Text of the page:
Backstory: I own a company called 8fold Productivity. 2018 was a year of really coming to grips with things. We had scaled up to 7 practitioners but our stated principles and practices were a bit slack and not followed. Not in a crazy Judge Judy way but it did result in basically scaling back to 2 practitioners as everyone was asked to really reflect on their relationship with 8fold. 2019 is proving to be, essentially, a reset year. Scaled the online presence to basically static websites, canceled renewals on a bunch of domains, and just overall belt tightening in the realm of operations. I also started working on the platform again.
Pertinent story: I'm doing what I consider to be odd implementations of concepts being done in other ways. I'm also really experimenting with this concept 8fold has in its branding guidelines: We celebrate the individual and cater to the most constrained.
So, we're taking a UX concept from the accessibility movement and applying it to other concepts.
For example, don't have a page with 100+ links in a single grouping, not just because it's bad SEO but because people with cognitive issues may not be able to hold that many things in their head at one time; heck, last I heard the average person does okay with about 7.
To expand that, 8fold is a platform for micro-businesses (I don't know how I feel about that label yet but it's what I have). It does't mean we can't or won't support an "Enterprise" of 5M employees pulling in 100B a year, but that's not who we cater to. Heck, doesn't even mean we can't or won't support a "small business" of 10 employees pulling 2-3M a year, but that's not who we cater to. Instead, we cater to scrappers and hustlers. A 2010 version of myself living in my car while freelancing (writing a book about it wanna see it?
<- funny video|book -> Here it go).
Anyhow, been working on the platform code and applying that same constraint to an extreme. Put together a quick video about using the SplitView from macOS to create a setup that's beyond serviceable. I was reflecting on that further.
One of the things I wish I would have mentioned was customization of environments and cognitive load in collaborative environments.
Whenever I go into an environment I can never know what to expect. Everyone has their own way of working, which can make it very difficult for an outsider to come in and offer assistance. I remember asking someone once for some help in setting something on the iMac I had at the office.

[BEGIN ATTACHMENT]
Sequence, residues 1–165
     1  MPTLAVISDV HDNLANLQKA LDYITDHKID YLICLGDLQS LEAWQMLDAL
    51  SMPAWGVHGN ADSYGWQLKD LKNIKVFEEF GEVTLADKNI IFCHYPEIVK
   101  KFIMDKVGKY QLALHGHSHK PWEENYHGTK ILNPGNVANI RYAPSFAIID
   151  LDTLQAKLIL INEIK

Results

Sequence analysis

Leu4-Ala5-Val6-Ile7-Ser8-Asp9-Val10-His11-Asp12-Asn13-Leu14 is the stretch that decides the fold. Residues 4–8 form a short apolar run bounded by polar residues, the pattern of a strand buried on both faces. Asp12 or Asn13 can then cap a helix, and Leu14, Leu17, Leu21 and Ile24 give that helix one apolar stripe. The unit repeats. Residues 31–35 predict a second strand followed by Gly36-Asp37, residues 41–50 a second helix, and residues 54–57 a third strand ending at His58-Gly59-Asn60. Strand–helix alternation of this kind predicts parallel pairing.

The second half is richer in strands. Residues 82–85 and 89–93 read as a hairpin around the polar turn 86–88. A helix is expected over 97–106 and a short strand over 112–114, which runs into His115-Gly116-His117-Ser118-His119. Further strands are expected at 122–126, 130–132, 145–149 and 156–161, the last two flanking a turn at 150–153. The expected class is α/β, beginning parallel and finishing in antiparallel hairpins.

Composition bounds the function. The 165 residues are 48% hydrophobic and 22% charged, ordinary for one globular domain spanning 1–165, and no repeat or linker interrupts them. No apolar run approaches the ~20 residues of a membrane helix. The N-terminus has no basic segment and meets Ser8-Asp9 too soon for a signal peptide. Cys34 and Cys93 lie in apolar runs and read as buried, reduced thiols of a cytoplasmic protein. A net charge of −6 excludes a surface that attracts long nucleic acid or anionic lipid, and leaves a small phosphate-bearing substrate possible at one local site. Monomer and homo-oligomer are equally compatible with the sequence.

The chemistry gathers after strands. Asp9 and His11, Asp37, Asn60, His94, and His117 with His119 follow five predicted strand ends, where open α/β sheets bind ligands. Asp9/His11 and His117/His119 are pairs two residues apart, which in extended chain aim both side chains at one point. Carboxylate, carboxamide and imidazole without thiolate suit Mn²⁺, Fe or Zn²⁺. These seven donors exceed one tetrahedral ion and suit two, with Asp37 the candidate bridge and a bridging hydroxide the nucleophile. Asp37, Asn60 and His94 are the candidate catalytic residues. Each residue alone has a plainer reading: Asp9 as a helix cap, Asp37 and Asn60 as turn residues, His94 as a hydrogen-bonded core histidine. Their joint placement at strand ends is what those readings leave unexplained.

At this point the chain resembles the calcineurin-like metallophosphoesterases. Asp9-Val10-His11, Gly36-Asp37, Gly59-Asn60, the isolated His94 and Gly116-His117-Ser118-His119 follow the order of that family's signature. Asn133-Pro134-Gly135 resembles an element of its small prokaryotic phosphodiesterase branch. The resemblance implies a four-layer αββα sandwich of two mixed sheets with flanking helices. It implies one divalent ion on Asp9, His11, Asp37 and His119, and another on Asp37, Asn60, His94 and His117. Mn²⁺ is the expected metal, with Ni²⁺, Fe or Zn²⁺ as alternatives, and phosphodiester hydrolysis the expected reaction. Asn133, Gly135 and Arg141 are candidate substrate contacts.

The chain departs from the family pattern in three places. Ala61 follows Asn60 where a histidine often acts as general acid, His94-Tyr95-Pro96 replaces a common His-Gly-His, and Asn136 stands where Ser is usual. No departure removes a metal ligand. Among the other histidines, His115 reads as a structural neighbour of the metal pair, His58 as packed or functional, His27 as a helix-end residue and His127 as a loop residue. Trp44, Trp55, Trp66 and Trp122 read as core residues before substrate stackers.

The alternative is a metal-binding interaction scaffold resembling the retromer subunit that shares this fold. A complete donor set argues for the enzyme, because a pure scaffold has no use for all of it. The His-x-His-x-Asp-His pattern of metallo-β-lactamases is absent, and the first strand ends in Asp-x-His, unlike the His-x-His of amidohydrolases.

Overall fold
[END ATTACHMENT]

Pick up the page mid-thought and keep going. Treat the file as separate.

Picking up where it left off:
He asked, "Do you mind if I install some things?"
I said, "Not really, as long as I can get my work done."
He went into Terminal. Typed about 20
curl requests from memory, and had to look another one up, stating, "I don't use that one a lot."
None of them had to do with me actually doing what I needed to do, it just made him more comfortable in my vanilla world.
Once he finished, he scribbled something down on a piece of paper, a Terminal command to "use when needed." He went on to say, "But you should really check out that other stuff I installed, it's all really good stuff and should cut hours on your day."
"Is it executed from Terminal?"
"I'm not sure how that can be true given that my average day consists of no Terminal whatsoever."
"Give it a try. You'll see."
I've also walked over to help people and I'm looking at their IDE going, "WTF? Margaret." It turns into almost straight pair programming as I have no idea how they got their IDE to look like that, and have no clue how to get it back (like adjusting the most complicated driver's seat in someone else's car).
I end up saying things like, "Open this file." Then watch as they do some type of keyboard shortcut voodoo they have embedded in their muscle memory and the file appears like David Copperfield doing an NBC special.
Meanwhile I'm thinking, is that really faster or more efficient than not hiding the file navigator and just clicking on the file?
I do think some people do it for the pageantry because when they're bringing their hands back to rest on the keyboard and mouse they make the lead guitar chord change face, complete with head nod and the hand model wave as if to say, "Look what I just did. I opened a file." (Not everyone, but they're out there and you know who you are.)
When I'm doing digital organizing it's the same way. I'll ask people where they keep their action lists. Nobody uses Reminders even though it's right there and does exactly what you need it to. No judgment, I love hearing about all the tools ever, it just fascinates me how many problems we solve by grabbing a different tool despite having the tool right there. When you customize your world, remember to leave enough normalcy to allow other people to live in it.
Don't, worry, the video isn't an advertisement for Vim, I promise.
Give it a try. You'll see. ;)